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We Need to Reduce Health Care Fraud

Reducing health care fraud is the rare policy priority shared by both parties in an increasingly divided Washington, and for good reason. Billions of taxpayer dollars are clearly at stake.

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Reducing health care fraud is the rare policy priority shared by both parties in an increasingly divided Washington. Just last summer strong majorities in the Senate and House of Representatives passed—without a single objection—a Medicare antifraud provision that cost hundreds of millions of dollars.

For good reason. The federal government’s own estimates of Medicare and Medicaid payment error rates run as high as 52 percent for certain medical supplies. The Government Accountability Office has declared Medicare, the government health insurance program for retirees, at high-risk for improper payments and fraud every year since 1990. Medicaid, the government health insurance program for the poor, joined the GAO’s high-risk list in 2003.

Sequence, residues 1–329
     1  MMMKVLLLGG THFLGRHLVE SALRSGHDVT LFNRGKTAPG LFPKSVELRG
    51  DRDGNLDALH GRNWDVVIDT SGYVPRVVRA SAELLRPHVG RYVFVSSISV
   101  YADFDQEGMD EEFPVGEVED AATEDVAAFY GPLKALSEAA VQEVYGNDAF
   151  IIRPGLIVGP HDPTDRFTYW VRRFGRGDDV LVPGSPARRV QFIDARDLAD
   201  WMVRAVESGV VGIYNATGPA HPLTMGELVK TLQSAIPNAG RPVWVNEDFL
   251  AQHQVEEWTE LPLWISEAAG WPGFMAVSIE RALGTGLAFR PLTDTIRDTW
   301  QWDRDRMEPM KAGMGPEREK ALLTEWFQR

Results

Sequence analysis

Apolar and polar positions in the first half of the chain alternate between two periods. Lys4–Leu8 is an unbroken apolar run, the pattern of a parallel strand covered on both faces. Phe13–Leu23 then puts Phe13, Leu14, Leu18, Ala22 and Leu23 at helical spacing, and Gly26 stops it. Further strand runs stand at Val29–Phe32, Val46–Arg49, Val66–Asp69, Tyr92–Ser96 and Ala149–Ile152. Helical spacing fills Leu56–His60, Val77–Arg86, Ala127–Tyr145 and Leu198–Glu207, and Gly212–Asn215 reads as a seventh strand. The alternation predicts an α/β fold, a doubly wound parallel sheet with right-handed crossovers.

In 2010, an estimated total of $70.4 billion was made in improper payments for Medicare and Medicaid health services. This total includes $34.3 billion for traditional Medicare fee-for-service (a 10.5 percent payment error rate), $22.5 billion for Medicaid (a 9.4 percent payment error rate) and 13.6 percent for Medicare managed care alternative to fee-for-service (a 14.1 percent payment error rate).

Billions of taxpayer dollars are clearly at stake.

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